Whoever said Argentina’s former president was finished? Cristina Fernández de Kirchner is alive and kicking, as the results of the country’s primary elections on Sunday ahead of October’s mid-terms are likely to show. Most polls put her in the lead in the senatorial race of the all-important province of Buenos Aires by several percentage points.
For some – probably the same ones that thought Fernández would retire from politics after her presidency ended in 2015 to look after her grandchildren and tend to her garden(s) in Patagonia – this is baffling. How could someone who left behind an economy in ruins and is up to the eyeballs in corruption accusations retain such strong support?True, there is no shortage of Argentines whose support for the populist icon transcends the rational (look no further than this viral Youtube videoof a grinning baker crooning along to Marco Antonio Solis’ “No Hay Nada Más Difícil”, which he winkingly dedicates to his “Cris” as he massages rolls of dough).
But the most worrying answer for President Mauricio Macri is that too many Argentines think he is even worse. The fact that Fernández bequeathed a central bank that was running on empty, putting the nation on the brink of a balance of payments crisis, might seem like an extravagant abstraction if your primary concern is to put enough food on the table each day. As for corruption, show me an Argentine politician who isn’t corrupt, they’ll say.
It’s scarcely an issue. What is an issue is that many people are – or feel – worse off today than they did two years ago.That should finally be beginning to change. A barrage of recent economic data support the government’s claims that the economy is at last bouncing back after some painful reforms it deemed necessary to right the listing economy. Perhaps this is not being felt on the street yet, to a strong enough degree. But it is also possible that it will be by October, the vote that really counts.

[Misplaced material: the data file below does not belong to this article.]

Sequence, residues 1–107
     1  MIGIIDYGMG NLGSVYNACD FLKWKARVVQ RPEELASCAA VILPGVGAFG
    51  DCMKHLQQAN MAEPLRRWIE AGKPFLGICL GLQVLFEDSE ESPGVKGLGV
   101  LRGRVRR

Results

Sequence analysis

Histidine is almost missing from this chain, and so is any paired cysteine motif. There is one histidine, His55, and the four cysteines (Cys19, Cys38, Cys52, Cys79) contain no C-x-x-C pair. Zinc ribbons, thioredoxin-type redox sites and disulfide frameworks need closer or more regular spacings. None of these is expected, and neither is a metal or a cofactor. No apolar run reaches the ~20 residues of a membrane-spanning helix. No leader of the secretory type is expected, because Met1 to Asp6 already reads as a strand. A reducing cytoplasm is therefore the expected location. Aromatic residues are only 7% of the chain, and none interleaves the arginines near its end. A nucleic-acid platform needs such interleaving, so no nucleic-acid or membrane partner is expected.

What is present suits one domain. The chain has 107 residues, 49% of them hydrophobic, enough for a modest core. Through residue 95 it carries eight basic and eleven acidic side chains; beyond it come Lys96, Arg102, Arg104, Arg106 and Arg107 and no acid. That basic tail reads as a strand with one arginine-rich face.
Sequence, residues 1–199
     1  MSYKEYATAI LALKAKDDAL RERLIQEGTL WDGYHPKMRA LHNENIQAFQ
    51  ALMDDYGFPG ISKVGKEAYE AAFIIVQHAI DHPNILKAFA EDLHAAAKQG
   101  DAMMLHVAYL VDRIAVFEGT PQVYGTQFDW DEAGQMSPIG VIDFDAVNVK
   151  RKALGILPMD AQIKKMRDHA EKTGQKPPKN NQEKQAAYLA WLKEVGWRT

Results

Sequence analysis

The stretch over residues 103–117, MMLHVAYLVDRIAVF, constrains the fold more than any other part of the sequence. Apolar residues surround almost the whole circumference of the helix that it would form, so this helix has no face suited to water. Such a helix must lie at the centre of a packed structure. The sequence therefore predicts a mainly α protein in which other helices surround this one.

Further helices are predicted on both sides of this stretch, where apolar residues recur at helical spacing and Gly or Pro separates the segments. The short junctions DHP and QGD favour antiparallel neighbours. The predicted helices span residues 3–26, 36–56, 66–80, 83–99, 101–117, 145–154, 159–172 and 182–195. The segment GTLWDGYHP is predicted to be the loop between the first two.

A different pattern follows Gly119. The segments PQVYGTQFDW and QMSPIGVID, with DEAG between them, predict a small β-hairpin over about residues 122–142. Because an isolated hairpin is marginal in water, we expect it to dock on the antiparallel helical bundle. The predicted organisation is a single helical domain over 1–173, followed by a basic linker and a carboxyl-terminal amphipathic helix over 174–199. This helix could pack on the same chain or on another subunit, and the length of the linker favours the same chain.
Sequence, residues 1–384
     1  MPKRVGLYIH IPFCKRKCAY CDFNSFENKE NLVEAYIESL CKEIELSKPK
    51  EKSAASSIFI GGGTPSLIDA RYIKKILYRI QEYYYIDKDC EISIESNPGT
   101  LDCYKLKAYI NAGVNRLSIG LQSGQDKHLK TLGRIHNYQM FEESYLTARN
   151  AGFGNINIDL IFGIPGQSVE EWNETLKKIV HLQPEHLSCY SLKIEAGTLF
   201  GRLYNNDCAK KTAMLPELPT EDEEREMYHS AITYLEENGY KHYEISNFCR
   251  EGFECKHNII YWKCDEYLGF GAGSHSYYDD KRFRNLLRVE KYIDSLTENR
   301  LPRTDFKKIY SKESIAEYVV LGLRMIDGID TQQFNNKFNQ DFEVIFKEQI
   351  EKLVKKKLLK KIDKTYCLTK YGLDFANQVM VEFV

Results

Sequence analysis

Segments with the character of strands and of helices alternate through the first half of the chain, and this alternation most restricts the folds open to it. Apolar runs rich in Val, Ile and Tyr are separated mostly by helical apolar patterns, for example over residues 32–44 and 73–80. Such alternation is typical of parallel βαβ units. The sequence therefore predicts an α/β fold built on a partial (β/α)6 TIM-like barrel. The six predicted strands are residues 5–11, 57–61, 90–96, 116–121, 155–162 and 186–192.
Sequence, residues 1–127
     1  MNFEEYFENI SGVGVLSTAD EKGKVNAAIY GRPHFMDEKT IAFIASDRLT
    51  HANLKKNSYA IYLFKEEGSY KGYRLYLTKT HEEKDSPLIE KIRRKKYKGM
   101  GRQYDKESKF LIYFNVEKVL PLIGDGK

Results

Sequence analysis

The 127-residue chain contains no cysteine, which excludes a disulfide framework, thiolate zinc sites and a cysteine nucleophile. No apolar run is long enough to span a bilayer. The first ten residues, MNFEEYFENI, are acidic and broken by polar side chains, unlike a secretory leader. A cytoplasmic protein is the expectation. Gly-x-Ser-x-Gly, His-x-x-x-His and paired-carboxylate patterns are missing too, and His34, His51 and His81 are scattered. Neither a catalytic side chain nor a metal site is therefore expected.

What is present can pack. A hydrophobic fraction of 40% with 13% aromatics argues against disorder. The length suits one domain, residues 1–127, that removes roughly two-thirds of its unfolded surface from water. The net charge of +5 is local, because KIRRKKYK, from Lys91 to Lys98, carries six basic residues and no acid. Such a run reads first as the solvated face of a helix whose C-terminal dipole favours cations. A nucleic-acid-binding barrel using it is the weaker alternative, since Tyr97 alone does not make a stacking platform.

If so, this could be Macri’s darkest hour. But that is the optimistic reading. The doubters fear that a strong showing for Fernández not just on Sunday but in October too could set off a chain of events that would assure he is a one-term president, rendering him a lame duck. One thing is for sure: regardless of whether Fernández is capable of winning back the presidency – and few really think she can – investors would punish Argentines for their mystifying political choices.
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Quote of the week
“This is an alert. It could be a watershed moment in the city where businesses, civil society and the government come together to say this cannot keep happening in our city” – Humberto Lozano, the director of the Mexico City branch of the business chamber Canaco, after police killed eight narcotraffickers in Mexico City.